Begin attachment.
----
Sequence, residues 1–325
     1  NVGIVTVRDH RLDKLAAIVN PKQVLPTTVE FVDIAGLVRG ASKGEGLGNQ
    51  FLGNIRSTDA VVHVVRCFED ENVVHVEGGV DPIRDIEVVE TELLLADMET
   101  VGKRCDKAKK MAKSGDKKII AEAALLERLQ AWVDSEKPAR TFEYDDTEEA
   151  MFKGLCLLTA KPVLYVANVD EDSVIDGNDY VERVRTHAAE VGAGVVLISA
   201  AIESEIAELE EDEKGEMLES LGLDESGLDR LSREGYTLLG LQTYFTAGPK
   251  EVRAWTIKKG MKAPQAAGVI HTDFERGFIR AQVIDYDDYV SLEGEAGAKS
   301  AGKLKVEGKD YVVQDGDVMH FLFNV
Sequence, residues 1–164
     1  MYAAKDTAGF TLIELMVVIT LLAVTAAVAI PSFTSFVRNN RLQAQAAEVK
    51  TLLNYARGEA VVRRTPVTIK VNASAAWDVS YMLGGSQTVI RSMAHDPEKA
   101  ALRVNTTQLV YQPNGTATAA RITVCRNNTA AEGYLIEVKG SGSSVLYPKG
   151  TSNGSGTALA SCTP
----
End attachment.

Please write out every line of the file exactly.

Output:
Sequence, residues 1–325
     1  NVGIVTVRDH RLDKLAAIVN PKQVLPTTVE FVDIAGLVRG ASKGEGLGNQ
    51  FLGNIRSTDA VVHVVRCFED ENVVHVEGGV DPIRDIEVVE TELLLADMET
   101  VGKRCDKAKK MAKSGDKKII AEAALLERLQ AWVDSEKPAR TFEYDDTEEA
   151  MFKGLCLLTA KPVLYVANVD EDSVIDGNDY VERVRTHAAE VGAGVVLISA
   201  AIESEIAELE EDEKGEMLES LGLDESGLDR LSREGYTLLG LQTYFTAGPK
   251  EVRAWTIKKG MKAPQAAGVI HTDFERGFIR AQVIDYDDYV SLEGEAGAKS
   301  AGKLKVEGKD YVVQDGDVMH FLFNV
Sequence, residues 1–164
     1  MYAAKDTAGF TLIELMVVIT LLAVTAAVAI PSFTSFVRNN RLQAQAAEVK
    51  TLLNYARGEA VVRRTPVTIK VNASAAWDVS YMLGGSQTVI RSMAHDPEKA
   101  ALRVNTTQLV YQPNGTATAA RITVCRNNTA AEGYLIEVKG SGSSVLYPKG
   151  TSNGSGTALA SCTP